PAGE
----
The Miami Dolphins are the consensus choice to be the NFL’s worst team, and they looked the part Sunday. They couldn’t run, couldn’t pass, couldn’t tackle. And worse yet, the Dolphins want to be bad this year — tanking is their rebuilding strategy. Maybe they’ll be generationally bad.
And let’s be fair — maybe Lamar Jackson will be generationally great.
Jackson was one of the early monsters in Week 1, rolling up 33.56 fantasy points and beating all the other early-wave quarterbacks. And the shocking thing was that he did it with his arm, not his legs. Jackson threw for 324 yards and five touchdowns in the 59-10 beatdown of Miami, while he ran just three times for six yards (meanwhile, his teammates rumbled 43 times for 259 yards).
Baltimore had 42 points at halftime, clicking on a handful of shot plays. And it all looked so easy, so cohesive. So fun.
It’s never easy to tell how much of a blowout is the good side being legit versus the bad side being terrible. But Jackson and the Ravens passing game could be a breakout show. Rookie Marquise Brown lived up to his Hollywood billing, premiering with a tasty 4-147-2 line, with both scores from distance. Mark Andrews (8-108-1) scored in garbage time (from Robert Griffin, in fact), but he nonetheless looks terrific. I’ll admit I looked at this passing game all summer and had questions — how much would the Ravens throw? How passer-developed is Jackson anyway? Now I’m forced to re-evaluate.
The only disappointing Baltimore thing was the play of the understudy running backs; when a match gets out of hand, often the backups run wild. While Mark Ingram answered the bell early (14-107-2), Gus Edwards (17-56) and Justice Hill (7-27) were underwhelming. It’s just one game, but it was disappointing to see.
There’s not much to say about Miami’s offense. Ryan Fitzpatrick never really had a chance (14-for-29, 185 yards, one touchdown, one pick). Rookie Preston Williams had a nice touchdown grab. Albert Wilson got hurt. DeVante Parker needed seven targets to get there, but he did have a 49-yard catch and 75 yards overall. Josh Rosen took off his tennis sweater and threw three late passes, one of them picked. Miami fans might be wearing bags over their heads before the end of the month.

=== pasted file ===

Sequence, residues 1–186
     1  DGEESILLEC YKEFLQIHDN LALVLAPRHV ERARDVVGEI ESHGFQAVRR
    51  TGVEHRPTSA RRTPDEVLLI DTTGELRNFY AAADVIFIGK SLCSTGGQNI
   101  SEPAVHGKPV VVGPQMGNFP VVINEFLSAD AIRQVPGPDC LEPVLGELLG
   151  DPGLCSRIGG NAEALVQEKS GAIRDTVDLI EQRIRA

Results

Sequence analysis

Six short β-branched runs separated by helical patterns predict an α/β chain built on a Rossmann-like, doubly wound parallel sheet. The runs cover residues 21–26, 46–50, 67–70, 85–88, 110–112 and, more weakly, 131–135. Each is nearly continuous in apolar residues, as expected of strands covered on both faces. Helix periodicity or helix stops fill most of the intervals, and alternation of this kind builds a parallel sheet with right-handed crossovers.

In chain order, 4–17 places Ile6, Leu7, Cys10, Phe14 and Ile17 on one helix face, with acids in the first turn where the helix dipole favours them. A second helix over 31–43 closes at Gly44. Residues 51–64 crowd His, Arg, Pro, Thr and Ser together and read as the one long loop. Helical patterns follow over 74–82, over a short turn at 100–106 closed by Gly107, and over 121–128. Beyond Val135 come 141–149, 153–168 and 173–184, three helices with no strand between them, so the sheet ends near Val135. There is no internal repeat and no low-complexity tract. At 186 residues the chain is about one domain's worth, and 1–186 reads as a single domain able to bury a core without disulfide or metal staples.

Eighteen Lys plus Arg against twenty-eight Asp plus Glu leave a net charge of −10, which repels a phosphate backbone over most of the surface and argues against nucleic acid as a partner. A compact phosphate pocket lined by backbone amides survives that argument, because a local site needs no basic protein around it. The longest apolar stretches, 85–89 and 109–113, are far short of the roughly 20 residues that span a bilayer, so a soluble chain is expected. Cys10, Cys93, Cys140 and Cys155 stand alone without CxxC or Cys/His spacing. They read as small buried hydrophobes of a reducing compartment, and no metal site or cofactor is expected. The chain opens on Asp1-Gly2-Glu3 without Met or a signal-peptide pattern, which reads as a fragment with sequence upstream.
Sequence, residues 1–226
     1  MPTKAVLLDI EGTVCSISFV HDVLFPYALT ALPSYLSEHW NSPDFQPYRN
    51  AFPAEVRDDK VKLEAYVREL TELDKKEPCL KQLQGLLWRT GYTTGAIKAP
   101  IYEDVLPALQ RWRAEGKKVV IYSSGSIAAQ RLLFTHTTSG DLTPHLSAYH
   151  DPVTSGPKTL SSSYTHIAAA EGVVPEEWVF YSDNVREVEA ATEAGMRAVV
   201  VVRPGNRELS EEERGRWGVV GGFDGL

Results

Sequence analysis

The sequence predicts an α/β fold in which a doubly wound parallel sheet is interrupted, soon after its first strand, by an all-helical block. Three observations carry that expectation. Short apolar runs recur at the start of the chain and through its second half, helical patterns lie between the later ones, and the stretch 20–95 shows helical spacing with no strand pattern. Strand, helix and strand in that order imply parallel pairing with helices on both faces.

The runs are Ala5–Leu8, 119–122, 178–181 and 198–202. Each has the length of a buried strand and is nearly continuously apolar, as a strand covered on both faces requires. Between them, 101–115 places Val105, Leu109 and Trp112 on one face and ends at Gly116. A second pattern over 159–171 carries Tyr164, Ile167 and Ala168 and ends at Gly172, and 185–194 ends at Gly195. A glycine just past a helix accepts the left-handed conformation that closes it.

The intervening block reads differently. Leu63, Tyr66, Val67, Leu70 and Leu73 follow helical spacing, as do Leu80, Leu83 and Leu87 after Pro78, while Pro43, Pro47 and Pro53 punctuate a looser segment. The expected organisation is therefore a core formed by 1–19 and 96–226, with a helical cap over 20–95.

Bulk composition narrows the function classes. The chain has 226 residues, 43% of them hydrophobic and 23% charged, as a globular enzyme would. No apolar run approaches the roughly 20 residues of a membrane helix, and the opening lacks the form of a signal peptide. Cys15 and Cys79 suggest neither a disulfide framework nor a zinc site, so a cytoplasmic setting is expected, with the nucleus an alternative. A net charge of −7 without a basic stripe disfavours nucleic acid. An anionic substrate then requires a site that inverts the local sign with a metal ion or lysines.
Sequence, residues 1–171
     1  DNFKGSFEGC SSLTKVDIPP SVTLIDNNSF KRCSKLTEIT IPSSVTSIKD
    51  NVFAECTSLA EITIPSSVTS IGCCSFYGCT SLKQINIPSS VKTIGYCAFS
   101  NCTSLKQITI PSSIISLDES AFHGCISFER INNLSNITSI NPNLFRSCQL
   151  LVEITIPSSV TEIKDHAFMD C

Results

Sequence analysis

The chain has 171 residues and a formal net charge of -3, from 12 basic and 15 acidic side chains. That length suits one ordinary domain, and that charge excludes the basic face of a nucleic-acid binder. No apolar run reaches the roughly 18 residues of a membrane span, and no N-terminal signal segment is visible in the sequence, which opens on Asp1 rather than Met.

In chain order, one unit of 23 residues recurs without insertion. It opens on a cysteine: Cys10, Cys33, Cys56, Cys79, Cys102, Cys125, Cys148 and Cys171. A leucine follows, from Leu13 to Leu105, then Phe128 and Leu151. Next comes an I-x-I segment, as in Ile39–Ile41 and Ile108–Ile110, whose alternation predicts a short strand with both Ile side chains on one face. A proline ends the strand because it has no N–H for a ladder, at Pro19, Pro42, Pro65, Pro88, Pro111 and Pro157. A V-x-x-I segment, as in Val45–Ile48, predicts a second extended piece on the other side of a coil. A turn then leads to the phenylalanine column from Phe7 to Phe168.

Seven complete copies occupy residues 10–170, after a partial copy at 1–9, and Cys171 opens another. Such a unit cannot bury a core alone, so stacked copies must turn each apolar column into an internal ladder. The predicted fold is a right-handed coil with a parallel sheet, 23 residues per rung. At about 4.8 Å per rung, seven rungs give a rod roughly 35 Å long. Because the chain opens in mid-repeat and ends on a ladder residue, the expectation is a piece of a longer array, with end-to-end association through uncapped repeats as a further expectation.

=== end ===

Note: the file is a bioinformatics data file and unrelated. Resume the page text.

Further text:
No rest for the Dolphins, as they host New England (and a different cat named Brown) next week. Meanwhile, Jackson and the Ravens throw down (or run down) with Kyler Murray and the Cardinals.
Beware the Fantasy Obstructors
Rookie receivers got the best of it on Sunday, while the first-year backs weren’t as exciting. But sometimes these things are more about gridlock than they are about talent lock.
Consider players like Frank Gore and Darren Sproles — respectable veterans, but no longer fantasy staples. These days, I consider them Fantasy Obstructors. They’re good enough (or respected enough) to still command a share of the touches, but not good enough to be started in most fantasy teams. Basically what they do is get in the way of players we want to use for fantasy.
Perhaps Devin Singletary will nudge Gore out of the way soon. Singletary made 98 yards on his nine opportunities Sunday — sparking a classic Bills comeback or Jets choke, take your pick — while Gore was stuck at 11-20 on the ground. I’m all for Gore as an elder statesman and role model, but at some point talent should win out. Singletary should be rostered in even shallow leagues. (Of course, he also has to deal with Josh Allen taking some rushing production — Allen scampered, recklessly at times, for 38 yards and a score.)
Like Gore, Sproles is 36 — they were born about a month apart in the spring of 1983. And like Gore, Sproles got plenty of work Sunday, though he was more effective. Sproles rolled up 47 yards on nine carries in the comeback win against Washington, along with three short catches (16 yards). This usage got in the way of rookie Miles Sanders, who had to settle for 11-25 rushing, along with a two-yard reception. (Sanders also lost a 21-yard touchdown on a tacky-tack holding penalty.)
We worried about the width of Philadelphia’s usage tree all summer, and it came to roost here — five different players carried the ball, and eight different players had multiple targets. DeSean Jackson (8-154-2) was the star of the game, but we know he’ll have quiet days, too. Carson Wentz was sloppy in the first half — the entire team was — but he was letter-perfect in the second, finishing with 313 yards and three touchdowns. He’s still the safest bet in this offense.